Isolation of Caffiene from Tea

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Isolation of Caffeine from Tea (12A)
When a person drinks tea or coffee, it is not pure caffeine. It also has other natural substances. The purpose of this lab was to isolate caffeine from tea leaves. The methylene chloride removed nearly pure caffeine from the basic tea solution. Caffeine is a white, crystalline, bitter alkaloid, C8H10N4O2 , usually derived from coffee or tea. Caffeine is used in medicine chiefly as a nervous system stimulant. Caffeine is used by humans to ward off drowsiness and restore alertness. Caffeine constitutes as much as 5% by weight of the leaf material in plants. The hypothesis for this experiment is that the observed melting point of the pure caffeine will be lower than the melting point of pure caffeine listed in the lab manual. Data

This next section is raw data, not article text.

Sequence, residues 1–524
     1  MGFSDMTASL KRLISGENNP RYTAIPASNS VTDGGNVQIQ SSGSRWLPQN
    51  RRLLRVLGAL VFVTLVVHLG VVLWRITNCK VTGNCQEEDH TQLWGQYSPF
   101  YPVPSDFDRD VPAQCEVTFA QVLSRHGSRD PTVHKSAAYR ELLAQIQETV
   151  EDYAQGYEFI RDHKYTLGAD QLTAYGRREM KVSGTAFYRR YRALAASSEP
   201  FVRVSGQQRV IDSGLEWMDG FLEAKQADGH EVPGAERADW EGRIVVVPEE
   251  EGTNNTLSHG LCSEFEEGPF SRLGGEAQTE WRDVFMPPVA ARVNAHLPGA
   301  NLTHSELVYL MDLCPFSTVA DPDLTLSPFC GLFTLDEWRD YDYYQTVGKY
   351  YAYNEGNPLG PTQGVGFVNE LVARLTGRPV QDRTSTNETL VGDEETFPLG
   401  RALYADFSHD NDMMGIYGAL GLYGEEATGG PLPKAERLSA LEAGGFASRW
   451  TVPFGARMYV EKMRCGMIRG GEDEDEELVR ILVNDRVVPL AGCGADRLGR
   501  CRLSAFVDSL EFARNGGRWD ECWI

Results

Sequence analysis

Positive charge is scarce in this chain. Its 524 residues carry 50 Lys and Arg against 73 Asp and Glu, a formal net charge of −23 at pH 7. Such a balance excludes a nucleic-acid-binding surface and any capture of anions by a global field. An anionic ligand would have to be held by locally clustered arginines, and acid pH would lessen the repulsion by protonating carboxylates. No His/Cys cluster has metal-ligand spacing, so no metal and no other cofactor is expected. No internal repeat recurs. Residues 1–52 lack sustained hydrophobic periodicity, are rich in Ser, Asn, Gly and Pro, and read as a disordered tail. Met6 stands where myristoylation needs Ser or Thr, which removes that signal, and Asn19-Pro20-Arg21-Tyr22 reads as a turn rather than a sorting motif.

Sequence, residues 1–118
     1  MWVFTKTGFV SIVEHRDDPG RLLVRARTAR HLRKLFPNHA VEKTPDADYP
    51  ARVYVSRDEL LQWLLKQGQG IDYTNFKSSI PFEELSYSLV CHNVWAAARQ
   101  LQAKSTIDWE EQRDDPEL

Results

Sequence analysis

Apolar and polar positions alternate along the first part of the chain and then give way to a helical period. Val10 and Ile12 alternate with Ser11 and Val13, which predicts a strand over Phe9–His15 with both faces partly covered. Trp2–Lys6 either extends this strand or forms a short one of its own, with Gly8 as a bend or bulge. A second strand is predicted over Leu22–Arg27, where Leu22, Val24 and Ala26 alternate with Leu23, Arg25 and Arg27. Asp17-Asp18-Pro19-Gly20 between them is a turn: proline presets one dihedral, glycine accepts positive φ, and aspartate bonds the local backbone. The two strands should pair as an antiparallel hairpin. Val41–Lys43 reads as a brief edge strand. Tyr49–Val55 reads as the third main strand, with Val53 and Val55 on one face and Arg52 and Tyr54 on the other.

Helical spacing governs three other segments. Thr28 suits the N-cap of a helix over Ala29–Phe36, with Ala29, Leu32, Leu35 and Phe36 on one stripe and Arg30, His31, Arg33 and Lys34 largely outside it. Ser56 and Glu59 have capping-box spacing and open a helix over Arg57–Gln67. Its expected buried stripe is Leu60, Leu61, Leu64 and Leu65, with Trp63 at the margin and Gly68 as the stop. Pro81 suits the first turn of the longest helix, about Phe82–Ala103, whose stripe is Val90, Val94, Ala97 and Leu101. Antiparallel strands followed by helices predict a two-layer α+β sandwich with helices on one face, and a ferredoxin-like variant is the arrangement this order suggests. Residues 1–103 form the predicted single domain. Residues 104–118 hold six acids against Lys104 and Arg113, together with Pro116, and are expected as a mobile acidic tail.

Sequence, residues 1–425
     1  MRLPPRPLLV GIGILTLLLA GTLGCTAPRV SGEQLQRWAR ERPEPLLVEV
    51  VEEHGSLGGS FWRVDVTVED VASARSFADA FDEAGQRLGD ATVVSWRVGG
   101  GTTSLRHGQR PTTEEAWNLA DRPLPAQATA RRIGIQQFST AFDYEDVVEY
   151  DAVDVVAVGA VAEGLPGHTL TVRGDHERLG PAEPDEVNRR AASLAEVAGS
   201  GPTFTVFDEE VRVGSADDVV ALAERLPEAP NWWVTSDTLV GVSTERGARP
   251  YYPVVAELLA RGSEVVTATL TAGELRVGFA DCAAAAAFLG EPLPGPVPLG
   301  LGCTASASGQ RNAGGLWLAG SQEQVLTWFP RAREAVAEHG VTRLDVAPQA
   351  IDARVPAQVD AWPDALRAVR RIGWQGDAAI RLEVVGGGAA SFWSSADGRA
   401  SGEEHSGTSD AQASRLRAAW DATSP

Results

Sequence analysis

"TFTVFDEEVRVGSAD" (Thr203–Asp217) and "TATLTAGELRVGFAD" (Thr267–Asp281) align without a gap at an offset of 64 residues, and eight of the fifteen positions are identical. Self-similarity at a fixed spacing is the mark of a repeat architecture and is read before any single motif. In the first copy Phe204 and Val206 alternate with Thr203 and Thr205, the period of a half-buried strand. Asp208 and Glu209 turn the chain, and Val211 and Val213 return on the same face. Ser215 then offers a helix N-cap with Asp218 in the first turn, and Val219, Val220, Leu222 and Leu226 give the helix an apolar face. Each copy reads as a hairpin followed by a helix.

| Weight (g)|
Tea with bag and string| 2.5160|
Tea leaves| 2.3702|
Erlenmeyer flask w/ vacuum| 38.365|
Erlenmeyer flask w/ vacuum w/ crude caffeine | 38.414|
Crude caffeine| 0.0490|
Pure caffeine| 0.0286|

| Melting Point (°C)| Percent recovery/yield|
Crude caffeine| 214-215| 2.067|
Pure caffeine| 205-207| 1.207|
Pure caffeine ( in the lab manual) | 236| |
Percent error: 12.71%
Discussion of Results:
The hypothesis was proved. The melting point of the pure caffeine that was obtained from the experiment was lower than the literature value (236°C). This hypothesis was a good hypothesis because there are some explanations as to why the melting point would be lower. One reason is, the purification process was not perfect, and there were impurities in the caffeine affecting the melting point. The melting point depresses due to impurities in the sample. The results obtained were expected since, it is known that tea is not 100% caffeine and the caffeine would not be 100% pure in the end. The percent recovery of the pure caffeine was not going to 100% since caffeine constitutes as much as 5% by weight of the leaf material in plants. The...
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